Over the last five decades, microprocessors have gotten cheaper and more powerful as predicted by Gordon Moore’s famous observation, which states that the number of transistors on an integrated circuit doubles every two years. However, the limits of miniaturization can only go so far before crossing the quantum threshold. Currently there is some progress left
Graphene is a one-atom-thick layer of carbon that has been hailed as a potential silicon replacement capable of extending the exponential computing advances that modern society has come to depend on. Despite the material’s profile of being strong, flexible, light-weight and a good conductor, there are still a number of challenges that must addressed before
As transistors approach the limits of miniaturization, the rapid pace of progress in the microprocessor industry is destined to start declining unless researchers are successful in innovating alternative designs. The best and brightest minds of our time are hard at work developing the next generation of microprocessors so essential to supercomputers, handheld devices and worldwide
<img style=”float: left;” src=”http://media2.hpcwire.com/hpcwire/future_datacenter_small.jpg” alt=”” width=”99″ height=”88″ />While much attention has focused on China’s rising supercomputing prospects lately, a number of other countries, including Russia, are also quickly muscling up their HPC resources. With their eyes set on exascale, Russia is planning to invest over a billion dollars this decade to field at least one such system by 2020.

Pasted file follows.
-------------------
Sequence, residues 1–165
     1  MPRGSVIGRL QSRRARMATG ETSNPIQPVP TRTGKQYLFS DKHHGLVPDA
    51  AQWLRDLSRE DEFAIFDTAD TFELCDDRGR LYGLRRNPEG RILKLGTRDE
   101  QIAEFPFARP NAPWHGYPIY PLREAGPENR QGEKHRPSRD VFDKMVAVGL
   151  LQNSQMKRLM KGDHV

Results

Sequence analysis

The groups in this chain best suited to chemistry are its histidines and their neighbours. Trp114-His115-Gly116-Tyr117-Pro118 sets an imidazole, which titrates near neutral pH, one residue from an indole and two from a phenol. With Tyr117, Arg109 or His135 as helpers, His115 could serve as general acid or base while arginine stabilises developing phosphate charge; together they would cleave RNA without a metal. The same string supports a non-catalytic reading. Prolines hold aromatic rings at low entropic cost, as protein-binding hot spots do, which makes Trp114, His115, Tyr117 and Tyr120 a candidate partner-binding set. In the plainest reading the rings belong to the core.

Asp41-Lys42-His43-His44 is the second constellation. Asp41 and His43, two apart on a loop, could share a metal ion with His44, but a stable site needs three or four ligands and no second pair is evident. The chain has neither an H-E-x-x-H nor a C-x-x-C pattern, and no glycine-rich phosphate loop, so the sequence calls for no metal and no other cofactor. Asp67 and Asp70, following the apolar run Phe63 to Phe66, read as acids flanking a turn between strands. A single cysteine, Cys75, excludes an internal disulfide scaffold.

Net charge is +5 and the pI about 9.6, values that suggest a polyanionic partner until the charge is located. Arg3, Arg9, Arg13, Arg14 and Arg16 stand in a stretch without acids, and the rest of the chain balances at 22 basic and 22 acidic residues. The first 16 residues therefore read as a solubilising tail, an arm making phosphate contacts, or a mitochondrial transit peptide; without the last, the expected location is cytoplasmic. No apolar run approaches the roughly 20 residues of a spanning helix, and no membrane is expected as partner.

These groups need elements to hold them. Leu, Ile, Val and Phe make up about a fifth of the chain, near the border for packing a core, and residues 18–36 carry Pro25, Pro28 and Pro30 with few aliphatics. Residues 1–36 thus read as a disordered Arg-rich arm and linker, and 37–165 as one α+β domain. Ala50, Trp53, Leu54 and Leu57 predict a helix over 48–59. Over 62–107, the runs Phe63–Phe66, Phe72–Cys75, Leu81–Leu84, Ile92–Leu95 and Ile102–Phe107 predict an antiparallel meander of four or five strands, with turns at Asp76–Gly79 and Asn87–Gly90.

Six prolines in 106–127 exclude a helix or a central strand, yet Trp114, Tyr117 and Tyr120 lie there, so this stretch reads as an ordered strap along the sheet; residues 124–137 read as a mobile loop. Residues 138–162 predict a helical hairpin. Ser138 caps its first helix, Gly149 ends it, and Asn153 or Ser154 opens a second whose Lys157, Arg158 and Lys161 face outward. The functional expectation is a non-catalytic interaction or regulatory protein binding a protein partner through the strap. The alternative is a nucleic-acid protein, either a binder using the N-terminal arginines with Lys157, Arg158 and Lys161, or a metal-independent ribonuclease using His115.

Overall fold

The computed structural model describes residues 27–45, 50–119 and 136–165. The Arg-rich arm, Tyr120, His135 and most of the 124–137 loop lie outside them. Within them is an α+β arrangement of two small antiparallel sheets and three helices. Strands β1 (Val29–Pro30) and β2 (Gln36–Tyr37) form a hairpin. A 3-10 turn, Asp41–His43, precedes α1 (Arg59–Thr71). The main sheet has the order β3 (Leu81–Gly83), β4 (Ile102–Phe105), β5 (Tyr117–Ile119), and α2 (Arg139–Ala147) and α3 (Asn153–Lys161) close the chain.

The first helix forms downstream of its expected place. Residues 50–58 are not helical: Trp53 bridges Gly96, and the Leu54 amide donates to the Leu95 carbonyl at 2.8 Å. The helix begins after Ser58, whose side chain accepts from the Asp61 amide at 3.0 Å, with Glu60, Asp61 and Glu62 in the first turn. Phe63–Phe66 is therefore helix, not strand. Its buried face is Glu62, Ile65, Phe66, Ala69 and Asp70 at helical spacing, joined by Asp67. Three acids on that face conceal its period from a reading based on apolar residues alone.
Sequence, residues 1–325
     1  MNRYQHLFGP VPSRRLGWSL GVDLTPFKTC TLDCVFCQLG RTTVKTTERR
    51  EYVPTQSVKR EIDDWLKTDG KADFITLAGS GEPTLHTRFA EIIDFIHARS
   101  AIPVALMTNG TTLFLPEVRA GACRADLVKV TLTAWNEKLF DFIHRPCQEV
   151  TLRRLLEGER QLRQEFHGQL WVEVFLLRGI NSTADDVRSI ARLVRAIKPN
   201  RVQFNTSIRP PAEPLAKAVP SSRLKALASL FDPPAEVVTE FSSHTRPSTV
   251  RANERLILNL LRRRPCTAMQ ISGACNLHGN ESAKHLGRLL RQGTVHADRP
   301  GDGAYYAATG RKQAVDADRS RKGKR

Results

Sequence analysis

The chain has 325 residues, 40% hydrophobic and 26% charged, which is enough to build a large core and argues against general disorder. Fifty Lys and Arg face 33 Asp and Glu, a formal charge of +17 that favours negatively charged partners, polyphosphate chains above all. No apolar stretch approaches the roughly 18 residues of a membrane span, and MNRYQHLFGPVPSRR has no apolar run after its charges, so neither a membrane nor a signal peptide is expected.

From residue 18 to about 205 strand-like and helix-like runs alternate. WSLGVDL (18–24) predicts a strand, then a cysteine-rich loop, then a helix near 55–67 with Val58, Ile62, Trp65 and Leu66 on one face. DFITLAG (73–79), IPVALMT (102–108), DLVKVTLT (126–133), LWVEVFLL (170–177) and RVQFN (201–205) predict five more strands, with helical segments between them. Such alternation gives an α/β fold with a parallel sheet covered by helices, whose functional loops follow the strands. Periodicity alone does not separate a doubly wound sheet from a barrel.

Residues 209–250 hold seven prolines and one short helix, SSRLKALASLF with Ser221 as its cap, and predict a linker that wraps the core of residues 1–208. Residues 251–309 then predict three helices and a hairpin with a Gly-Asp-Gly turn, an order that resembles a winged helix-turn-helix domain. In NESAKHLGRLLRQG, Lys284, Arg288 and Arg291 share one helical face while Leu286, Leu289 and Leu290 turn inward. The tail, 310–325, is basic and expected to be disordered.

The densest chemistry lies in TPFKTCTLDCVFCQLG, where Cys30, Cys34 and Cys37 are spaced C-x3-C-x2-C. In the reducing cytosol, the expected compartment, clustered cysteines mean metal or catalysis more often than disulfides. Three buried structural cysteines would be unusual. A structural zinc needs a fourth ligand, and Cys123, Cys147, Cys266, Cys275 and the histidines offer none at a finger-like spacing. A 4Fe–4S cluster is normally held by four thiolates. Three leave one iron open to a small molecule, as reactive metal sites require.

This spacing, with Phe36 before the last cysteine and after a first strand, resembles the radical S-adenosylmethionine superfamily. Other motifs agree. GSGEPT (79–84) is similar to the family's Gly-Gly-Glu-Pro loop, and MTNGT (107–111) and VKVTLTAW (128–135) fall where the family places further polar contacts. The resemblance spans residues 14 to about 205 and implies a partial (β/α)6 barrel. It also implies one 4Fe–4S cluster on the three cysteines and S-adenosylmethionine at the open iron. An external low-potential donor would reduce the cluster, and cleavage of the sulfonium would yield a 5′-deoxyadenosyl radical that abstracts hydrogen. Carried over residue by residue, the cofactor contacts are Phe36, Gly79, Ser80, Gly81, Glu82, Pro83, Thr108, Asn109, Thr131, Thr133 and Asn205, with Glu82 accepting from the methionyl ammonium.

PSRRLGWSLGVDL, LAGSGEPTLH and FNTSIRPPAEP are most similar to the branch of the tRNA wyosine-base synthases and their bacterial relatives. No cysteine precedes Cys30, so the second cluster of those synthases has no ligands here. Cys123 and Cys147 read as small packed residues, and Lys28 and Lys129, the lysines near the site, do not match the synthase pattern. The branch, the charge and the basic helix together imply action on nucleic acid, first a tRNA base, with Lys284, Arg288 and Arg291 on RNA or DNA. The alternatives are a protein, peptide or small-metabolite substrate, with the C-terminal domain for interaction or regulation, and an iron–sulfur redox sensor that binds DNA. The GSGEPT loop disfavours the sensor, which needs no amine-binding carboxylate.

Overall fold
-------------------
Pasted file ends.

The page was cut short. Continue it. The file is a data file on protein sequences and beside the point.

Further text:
For the past several years, Field Programmable Gate Arrays (FPGAs) have been getting large enough to compete with microprocessors in floating-point performance. Using the theoretical peak performance numbers, the FPGA’s floating-point performance is growing faster than microprocessors. This article calculates the peak performance for several FPGA devices from Xilinx and compares them to a reference microprocessor for equivalent time periods and shows that this gap in performance is growing.
CPU will include new Advanced Vector Extension instructions.
A few thoughts on two of my favorite topics.
Multicore processors are racing forward, but software is lagging — and may never catch up.
Advanced Micro Devices said Tuesday that it would split into two companies — one focused on designing microprocessors and the other on the costly business of manufacturing them.